Following a period of record performance, buoyed by a post-COVID-19 recovery, European institutional real estate investors are now adjusting their expectations for 2022 amid the worsening conflict in Ukraine.

At this week’s MIPIM convention in Cannes, European real estate investor association INREV announced “record-breaking” results for the asset class during the final three months of 2021.

But a survey of its members suggested that any positivity would need to be tempered by a “shift in investor sentiment” as the industry faces up to “a new phase in the real estate investment market”.

INREV’s quarterly index of real estate assets posted a record high return of 4.85% for Q4 2021, driven primarily by 3.99% capital growth, and a one-year rolling total return of 12.89%.

It was the perfect positive news story for the first full MIPIM in Cannes in three years – for which 20,000 delegates had registered, according to the organisers – but it also coincided with growing concerns about the full implications of the Russian invasion for real estate.

Iryna Pylypchuk, director of research and market information at INREV, said: “The 2021 results reflect a remarkable recovery from the impact of the COVID-19 pandemic, but we should expect the first quarter of 2022 to look quite different.

“The unfolding conflict in Ukraine has an indirect negative impact through a weaker economic outlook and an even greater build-up of inflationary pressures which is most likely to have triggered the change in sentiment.”

INREV found a jump in investors’ assessment of investment risk over a three-month period; the share of respondents that said their assessment of investment risk had increased rose from 42% in December to 67% this month.

Sentiment towards specific markets also changed, and most dramatically in relation to Germany: the country has slipped from joint top in the list of preferred investment destinations to second from bottom; 15% of respondents plan to decrease allocations to the market.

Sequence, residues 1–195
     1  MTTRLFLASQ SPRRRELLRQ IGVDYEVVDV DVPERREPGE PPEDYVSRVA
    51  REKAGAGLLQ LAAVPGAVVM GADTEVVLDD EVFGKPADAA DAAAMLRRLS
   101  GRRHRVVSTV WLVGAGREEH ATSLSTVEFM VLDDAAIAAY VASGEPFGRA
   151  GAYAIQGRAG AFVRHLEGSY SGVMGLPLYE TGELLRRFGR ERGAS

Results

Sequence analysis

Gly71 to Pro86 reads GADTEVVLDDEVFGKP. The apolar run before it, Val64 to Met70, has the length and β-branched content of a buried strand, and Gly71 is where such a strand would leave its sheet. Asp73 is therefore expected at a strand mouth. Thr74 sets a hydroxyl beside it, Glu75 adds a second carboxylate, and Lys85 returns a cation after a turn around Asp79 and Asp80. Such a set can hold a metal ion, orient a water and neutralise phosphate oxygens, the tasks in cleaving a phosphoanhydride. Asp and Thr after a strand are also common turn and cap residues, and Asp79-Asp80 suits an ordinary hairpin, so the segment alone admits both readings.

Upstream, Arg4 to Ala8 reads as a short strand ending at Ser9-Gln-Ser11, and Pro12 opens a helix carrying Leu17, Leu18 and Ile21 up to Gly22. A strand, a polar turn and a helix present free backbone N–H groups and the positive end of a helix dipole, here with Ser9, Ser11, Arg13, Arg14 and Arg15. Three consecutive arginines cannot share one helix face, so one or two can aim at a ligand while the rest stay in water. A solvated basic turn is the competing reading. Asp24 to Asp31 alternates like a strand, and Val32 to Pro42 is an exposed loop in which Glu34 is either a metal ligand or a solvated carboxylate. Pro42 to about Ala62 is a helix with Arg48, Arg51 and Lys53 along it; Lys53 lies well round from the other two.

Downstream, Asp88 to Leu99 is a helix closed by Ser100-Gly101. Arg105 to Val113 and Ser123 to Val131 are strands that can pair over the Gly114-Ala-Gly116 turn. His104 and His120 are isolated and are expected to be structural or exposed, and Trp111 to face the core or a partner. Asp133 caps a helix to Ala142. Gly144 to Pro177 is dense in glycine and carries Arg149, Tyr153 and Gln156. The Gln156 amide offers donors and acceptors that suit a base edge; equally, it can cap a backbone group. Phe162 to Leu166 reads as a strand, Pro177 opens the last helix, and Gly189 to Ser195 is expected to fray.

Conversely, sentiment towards the UK remained positive with 21% of respondents intending to increase allocations, while the Netherlands headed into positive territory, with 15% of investors and investment managers planning to increase allocations.

In terms of expected future performance, 38% of investors and investment managers expect real estate performance to be more negative than in the previous quarter, and none expect a more positive performance over the next quarter.

However, allocations to European non-listed real estate looks to be unaffected overall, with 81% of respondents planning to invest more or less the same in the asset class as they did in December 2021 and 14% more confident about increasing their weighting.

ULI/PwC Emerging Trends report and the spectre of inflation

The Urban Land Institute (ULI) and PwC launched a global update to their annual Emerging Trends in Real Estate reports at MIPIM, which also found a dampening of “recent optimism” as the war in Ukraine prompted “fears of further heightened and lasting inflation”.

The optimism noted by the three regional Emerging Trends reports at the end of 2021 is “couched in more caution now”, ULI and PwC said.

The industry had already started to “ratchet back expectations” for 2022, according to the report, after the record investment of last year, but the Ukraine crisis has ushered in a “new wave of apprehension”.

Lisette van Doorn, CEO of ULI Europe, said: “Having already faced a challenging two years, the real estate industry is up for more uncertainty, and not just for the short term.

”The industry is once again facing an economic slowdown while struggling to come to terms with long-term structural trends reinforced or accelerated by the pandemic and now also Russia’s invasion of Ukraine.”

Gareth Lewis, director of PwC Real Estate, said: “Coming out of the pandemic we were seeing generally high levels of confidence in the outlook for real estate investors, driven primarily by the availability of capital looking for yield. But along similar lines to previous years, ever present in the background are concerns around the lingering effects of the pandemic, the endurance of the extended real estate cycle and the impacts of the structural changes hitting the sector.

“The Ukraine crisis, however, has created a new and more sharply focused cause for immediate concern particularly around rising inflation and interest rates – giving rise to stresses that the real estate world has not had to grapple with in earnest for decades.”

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